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Naturecreepy crawlies

Scientists May have Just Found An Ecological Apocalypse That's Occurring Right Under Our Noses

author

Rachel Baxter

Copy Editor & Staff Writer

clockOct 19 2017, 14:24 UTC

AlessandroZocc/Shutterstock

Just over three-quarters of flying insects in Germany’s nature reserves have disappeared in less than 30 years. Something that is likely to represent a worrying global trend.

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It is estimated that 80 percent of wild plants rely on insects for pollination, whilst around 60 percent of birds rely on them for food. Not to mention we need insects to pollinate many of the fruits, vegetables, and nuts that we eat daily. Losing flying insects is a serious issue.

“The fact that the number of flying insects is decreasing at such a high rate in such a large area is an alarming discovery,” Hans de Kroon, one of the study’s authors from Radboud University in the Netherlands, told The Guardian.

There’s a number of reasons why we might be losing insects. These range from habitat loss and pesticide use to the impacts of global warming.

“Insects make up about two-thirds of all life on Earth [but] there has been some kind of horrific decline,” study author Professor Dave Goulson of Sussex University, UK told The Guardian. “We appear to be making vast tracts of land inhospitable to most forms of life, and are currently on course for ecological Armageddon. If we lose the insects then everything is going to collapse.”

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The study was conducted between 1989 and 2016, in 63 nature reserves across Germany where insect biomass – the total quantity of organisms in a given area – was measured. The flying insects were sampled by dozens of amateur entomologists using malaise traps – large tent-like structures used for catching insects and funneling them into containers without harming them.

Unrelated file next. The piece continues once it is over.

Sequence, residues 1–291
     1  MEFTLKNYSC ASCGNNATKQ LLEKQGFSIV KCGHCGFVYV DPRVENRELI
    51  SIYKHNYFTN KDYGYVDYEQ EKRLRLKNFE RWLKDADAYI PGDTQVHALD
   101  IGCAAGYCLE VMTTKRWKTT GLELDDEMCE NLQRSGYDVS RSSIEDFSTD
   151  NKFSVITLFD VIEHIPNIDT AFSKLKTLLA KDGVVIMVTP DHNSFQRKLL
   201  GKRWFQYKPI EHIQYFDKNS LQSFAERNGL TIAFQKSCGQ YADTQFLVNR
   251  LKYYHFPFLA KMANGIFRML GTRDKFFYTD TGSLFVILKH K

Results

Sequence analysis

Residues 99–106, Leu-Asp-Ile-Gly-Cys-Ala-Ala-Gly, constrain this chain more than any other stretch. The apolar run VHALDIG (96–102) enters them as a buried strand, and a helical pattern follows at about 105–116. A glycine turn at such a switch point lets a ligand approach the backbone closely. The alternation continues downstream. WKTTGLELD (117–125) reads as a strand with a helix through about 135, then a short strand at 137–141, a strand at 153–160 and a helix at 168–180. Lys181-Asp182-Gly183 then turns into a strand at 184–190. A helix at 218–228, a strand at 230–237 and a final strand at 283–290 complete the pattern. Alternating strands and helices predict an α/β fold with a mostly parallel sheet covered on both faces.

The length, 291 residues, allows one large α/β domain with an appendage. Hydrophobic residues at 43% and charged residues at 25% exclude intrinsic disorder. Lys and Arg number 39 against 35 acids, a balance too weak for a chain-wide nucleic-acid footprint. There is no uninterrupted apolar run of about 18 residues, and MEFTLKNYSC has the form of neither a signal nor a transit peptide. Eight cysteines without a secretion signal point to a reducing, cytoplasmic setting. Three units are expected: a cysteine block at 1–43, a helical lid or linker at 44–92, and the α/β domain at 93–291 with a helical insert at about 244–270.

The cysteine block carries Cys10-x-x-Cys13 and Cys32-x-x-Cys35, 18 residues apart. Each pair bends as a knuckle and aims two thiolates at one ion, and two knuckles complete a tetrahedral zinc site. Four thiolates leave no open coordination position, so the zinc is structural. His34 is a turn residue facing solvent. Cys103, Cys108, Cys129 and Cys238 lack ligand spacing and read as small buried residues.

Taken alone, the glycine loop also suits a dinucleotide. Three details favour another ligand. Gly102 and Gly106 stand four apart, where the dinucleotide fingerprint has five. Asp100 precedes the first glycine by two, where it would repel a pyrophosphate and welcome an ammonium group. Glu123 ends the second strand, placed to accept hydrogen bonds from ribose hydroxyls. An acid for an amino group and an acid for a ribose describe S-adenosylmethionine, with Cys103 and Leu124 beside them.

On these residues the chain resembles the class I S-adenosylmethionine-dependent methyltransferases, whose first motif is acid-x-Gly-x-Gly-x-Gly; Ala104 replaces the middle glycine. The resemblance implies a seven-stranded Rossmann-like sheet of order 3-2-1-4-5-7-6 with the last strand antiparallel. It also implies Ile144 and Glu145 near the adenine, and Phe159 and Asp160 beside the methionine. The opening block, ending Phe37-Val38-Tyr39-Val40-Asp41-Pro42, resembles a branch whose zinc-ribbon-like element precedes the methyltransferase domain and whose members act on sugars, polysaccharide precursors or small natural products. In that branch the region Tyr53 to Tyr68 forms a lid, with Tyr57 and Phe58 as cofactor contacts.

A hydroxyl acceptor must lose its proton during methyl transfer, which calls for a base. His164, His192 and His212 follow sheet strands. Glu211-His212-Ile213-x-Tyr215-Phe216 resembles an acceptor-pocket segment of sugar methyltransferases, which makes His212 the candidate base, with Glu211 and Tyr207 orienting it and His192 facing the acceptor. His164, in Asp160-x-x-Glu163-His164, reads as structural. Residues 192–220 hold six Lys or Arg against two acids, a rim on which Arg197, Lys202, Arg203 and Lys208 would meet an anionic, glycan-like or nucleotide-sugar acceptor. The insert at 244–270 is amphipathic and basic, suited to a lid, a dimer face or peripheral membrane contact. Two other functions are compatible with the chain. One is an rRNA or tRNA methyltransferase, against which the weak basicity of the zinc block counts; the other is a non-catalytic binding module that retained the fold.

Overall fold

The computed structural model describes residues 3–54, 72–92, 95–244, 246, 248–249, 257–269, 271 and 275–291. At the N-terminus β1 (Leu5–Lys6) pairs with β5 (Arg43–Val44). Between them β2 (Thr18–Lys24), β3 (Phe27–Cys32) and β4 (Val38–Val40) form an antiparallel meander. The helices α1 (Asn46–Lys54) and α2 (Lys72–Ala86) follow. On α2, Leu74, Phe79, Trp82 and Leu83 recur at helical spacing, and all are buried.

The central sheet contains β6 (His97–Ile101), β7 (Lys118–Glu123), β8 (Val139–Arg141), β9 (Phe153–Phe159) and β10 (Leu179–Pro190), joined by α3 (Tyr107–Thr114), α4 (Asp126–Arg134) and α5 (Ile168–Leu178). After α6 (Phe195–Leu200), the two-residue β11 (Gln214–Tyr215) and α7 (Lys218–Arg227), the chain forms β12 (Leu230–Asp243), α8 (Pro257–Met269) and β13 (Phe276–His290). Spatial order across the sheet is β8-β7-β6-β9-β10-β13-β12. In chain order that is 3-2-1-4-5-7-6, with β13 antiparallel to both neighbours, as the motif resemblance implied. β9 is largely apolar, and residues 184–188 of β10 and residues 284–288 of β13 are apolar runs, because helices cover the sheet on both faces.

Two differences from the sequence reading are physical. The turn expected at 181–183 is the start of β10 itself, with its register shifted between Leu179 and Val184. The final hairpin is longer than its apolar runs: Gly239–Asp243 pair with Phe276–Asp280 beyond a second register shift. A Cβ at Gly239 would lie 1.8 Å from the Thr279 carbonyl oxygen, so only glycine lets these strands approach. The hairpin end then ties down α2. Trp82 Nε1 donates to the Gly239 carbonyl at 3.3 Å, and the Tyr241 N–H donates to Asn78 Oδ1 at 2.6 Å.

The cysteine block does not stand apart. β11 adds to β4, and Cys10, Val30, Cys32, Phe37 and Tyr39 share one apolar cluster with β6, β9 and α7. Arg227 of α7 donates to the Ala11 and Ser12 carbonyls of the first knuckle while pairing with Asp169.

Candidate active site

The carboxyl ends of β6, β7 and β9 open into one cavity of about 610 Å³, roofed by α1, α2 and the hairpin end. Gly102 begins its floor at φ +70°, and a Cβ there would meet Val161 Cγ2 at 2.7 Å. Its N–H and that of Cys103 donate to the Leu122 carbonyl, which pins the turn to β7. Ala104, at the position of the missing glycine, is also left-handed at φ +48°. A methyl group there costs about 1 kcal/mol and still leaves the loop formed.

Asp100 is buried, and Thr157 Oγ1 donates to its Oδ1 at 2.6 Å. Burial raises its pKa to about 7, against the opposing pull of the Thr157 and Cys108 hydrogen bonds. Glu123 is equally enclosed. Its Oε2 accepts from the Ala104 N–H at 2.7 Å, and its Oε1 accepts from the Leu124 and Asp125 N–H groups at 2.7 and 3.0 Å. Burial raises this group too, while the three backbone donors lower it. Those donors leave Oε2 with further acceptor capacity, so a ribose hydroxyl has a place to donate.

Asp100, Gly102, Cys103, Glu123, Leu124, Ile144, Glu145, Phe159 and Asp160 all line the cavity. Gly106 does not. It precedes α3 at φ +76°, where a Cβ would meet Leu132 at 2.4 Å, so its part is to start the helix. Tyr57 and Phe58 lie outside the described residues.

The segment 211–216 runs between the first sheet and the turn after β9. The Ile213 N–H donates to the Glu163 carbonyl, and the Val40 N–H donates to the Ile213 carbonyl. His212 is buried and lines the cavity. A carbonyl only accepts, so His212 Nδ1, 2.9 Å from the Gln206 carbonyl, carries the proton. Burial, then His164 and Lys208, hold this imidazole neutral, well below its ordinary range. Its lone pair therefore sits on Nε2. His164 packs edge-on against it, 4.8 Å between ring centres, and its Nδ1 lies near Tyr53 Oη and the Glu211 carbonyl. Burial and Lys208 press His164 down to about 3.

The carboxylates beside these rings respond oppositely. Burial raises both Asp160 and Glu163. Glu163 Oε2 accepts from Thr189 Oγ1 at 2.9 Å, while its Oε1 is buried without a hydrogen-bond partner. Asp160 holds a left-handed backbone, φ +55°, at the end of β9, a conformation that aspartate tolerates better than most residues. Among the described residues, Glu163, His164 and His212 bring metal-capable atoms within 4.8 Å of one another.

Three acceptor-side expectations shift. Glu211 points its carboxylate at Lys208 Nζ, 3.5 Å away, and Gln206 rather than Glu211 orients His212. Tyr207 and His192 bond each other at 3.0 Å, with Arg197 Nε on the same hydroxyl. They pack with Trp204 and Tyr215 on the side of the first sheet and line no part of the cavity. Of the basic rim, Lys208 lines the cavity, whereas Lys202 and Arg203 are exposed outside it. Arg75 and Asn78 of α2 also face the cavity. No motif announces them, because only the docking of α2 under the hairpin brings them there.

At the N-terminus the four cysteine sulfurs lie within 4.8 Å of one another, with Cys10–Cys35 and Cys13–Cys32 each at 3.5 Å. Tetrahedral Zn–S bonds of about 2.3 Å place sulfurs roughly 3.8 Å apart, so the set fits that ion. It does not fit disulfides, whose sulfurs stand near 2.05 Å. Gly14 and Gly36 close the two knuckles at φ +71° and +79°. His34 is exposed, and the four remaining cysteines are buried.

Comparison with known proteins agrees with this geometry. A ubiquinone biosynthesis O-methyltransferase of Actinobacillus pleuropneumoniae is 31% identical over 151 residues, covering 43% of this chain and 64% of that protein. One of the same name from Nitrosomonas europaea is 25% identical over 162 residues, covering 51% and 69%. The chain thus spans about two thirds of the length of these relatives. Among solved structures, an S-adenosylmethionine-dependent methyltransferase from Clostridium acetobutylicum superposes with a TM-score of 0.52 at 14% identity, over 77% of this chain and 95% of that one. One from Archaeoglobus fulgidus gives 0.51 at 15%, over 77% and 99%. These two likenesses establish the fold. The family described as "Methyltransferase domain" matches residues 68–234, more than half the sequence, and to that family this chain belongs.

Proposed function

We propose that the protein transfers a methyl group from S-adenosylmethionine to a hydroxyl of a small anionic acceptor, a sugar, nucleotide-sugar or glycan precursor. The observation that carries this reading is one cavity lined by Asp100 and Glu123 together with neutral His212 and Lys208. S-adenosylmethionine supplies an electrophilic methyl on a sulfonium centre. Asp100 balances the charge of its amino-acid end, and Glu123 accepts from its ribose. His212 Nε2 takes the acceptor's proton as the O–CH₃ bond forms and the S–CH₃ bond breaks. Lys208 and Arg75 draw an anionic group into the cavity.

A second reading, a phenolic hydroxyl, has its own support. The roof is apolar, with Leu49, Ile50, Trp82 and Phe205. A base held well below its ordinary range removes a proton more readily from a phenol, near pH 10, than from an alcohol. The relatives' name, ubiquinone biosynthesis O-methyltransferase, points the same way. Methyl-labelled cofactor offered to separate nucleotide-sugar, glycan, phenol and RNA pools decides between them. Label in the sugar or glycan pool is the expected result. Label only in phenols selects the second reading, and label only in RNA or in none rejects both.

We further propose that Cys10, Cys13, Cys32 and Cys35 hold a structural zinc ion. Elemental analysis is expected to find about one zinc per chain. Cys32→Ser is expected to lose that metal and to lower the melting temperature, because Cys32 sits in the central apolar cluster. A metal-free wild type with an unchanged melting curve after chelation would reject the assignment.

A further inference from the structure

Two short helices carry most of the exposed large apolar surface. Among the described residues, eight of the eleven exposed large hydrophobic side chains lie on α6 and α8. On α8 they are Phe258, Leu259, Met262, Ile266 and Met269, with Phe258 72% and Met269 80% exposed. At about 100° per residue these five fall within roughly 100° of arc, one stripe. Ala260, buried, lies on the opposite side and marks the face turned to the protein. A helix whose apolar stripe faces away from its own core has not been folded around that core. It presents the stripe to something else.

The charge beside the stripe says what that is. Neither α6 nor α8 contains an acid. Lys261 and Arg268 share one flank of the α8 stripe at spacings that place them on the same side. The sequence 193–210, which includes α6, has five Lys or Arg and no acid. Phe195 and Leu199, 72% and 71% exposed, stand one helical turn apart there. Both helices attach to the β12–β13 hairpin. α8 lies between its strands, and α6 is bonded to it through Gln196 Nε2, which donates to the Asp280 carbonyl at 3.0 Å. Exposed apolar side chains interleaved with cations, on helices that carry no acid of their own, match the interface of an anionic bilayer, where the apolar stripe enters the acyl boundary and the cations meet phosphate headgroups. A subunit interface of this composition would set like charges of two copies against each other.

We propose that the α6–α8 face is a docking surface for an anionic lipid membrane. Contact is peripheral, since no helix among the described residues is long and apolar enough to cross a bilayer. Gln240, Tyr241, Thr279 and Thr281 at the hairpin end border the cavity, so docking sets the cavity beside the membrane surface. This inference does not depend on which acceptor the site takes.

Whilst the study was only conducted in Germany, the researchers, publishing their findings in PLOS One, believe it is likely to represent an alarming global trend. 

Over the 27-year study period, the annual biomass of flying insects dropped by 76 percent. Meanwhile, specifically in the summer months, when insects should be most abundant, this decline soared to 82 percent.

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The reason the news is so shocking is that studies looking at the decline of all insects haven’t really been done before. Instead, research has generally looked at specific species, like bumblebees, or certain groups, like butterflies. The new study incorporated many of the flying insects that don’t get as much attention – like flies and wasps – to give a better picture of what is happening to these important creepy crawlies as a whole.

The fact that the findings come from areas designed to protect biodiversity and ecosystem function is certainly concerning. The scientists took factors that affect insects, like weather and habitat type, but found their results to be consistent regardless. This means something larger is at play, and further research is needed to look at the declines in terms of factors like agricultural intensification and climate change too.


Naturecreepy crawlies
  • climate change,

  • agriculture,

  • pesticides,

  • flying insects,

  • declines,

  • creepy crawlies